“The First No-Fuel Power Plant”

By Travis Johnson, Stock Gumshoe, September 17, 2007

This one is from Chris DeHaemer at Taipan’s Red Zone profits, and it looks like it circulated pretty heavily on Friday and over the weekend.

It’s for a company that uses momentum, in Dehaemer’s description, to store electrical energy, and essentially runs a big “momentum battery” that they use to buy up electricity at low rates overnight, then sell it again back to the grid at higher rates during the middle of the day. This is in the unregulated, auction-based energy markets, of course, which are available in many states.

The idea, according to the teaser, is that this company can make a killing without ever having to generate any electricity on its own — and it makes sense on a basic level, since we all understand the “buy low, sell high” business plan. Many of us, in fact, try to follow it.

So … what is this magical company that can store power and instantly re-sell it to the grid when demand spikes?

Well, when DeHaemer talks about “momentum” it’s pretty clear that he has to be talking about flywheel technology — giant heavy wheels, often running in a vacuum, that regulate and, in some cases, store energy with, hopefully, minimal loss. This is not too different from the concept that provides some of the power to the Toyota Prius, though in that case the actual wheels are “flywheels” — when you step on the brake, it sends that kinetic energy from the wheel back to the battery to use for running the engine.

And in a flywheel power plant I imagine it must work similarly (in case you can’t tell, I’m NOT an engineer) — the plant pulls energy off the grid to get the flywheels rotating, tries to develop an environment that allows them to keep spinning without losing much energy, and then, when the power is needed again, the momentum of the flywheel is attached to a generator that can spit electrical power back to the grid.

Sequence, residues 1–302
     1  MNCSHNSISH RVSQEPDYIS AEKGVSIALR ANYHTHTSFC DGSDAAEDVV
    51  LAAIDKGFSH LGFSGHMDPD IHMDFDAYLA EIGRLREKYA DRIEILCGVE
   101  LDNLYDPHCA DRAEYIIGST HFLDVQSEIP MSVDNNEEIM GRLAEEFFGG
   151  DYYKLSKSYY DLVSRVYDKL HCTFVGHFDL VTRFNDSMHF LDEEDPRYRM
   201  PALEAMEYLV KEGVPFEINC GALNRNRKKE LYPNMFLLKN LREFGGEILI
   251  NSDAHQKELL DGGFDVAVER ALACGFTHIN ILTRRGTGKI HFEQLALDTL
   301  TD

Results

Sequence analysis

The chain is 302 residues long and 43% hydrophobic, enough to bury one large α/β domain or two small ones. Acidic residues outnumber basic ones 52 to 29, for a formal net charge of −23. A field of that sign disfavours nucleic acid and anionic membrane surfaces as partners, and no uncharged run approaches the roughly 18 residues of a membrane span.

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OK, so I’m not going to win any technical writing awards for my delightful and colorful description of the flywheel power plant, but I think I get the basic idea. Hopefully you do, too.

So, what is this flywheel power plant company, trading at $1.50 at the end of August, according to the teaser (though as far as I can tell, the teaser didn’t start circulating until Friday, September 14, when the shares were appreciably higher)?

Well, the other clues should help us to sleuth this one out:

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Insiders have bought heavily this summer, since July 6, 2007.

And DeHaemer tells us that “it could produce the highest profit margins in the history of the utility industry.”

So … figured it out yet? Maybe so, but I’ll tell you anyway … loyal reader Stonecutter and I both agree that this company is …

Beacon Power Corp. (BCON)

And it has had a wild couple of weeks, during which big news came out about several things: a $10 million cash infusion, testing success for their product, and news about preparing for manufacture and the launch of the actual power plant by early next year.

And, being an occasional sucker … er, investing enthusiast … myself, I actually thought about dabbling in shares of this one with my own cabbage when the press releases were flowing from the company last week. Don’t worry, I don’t actually own any shares, but I’m always tempted by interesting technologies like this.

Unfortunately, I’m a bit of a sucker for innovative electrical power companies — one of my larger mistakes, which remains in my portfolio at a huge loss so far, is MMC Energy (MMCN), which is a more conventional electricity generation company, albeit one with it’s own special niche (unfortunately, a niche that they’ve grown much more slowly than I was hoping).

So I certainly wouldn’t consider my interest in the shares to be at all significant, except perhaps as a contrarian indicator.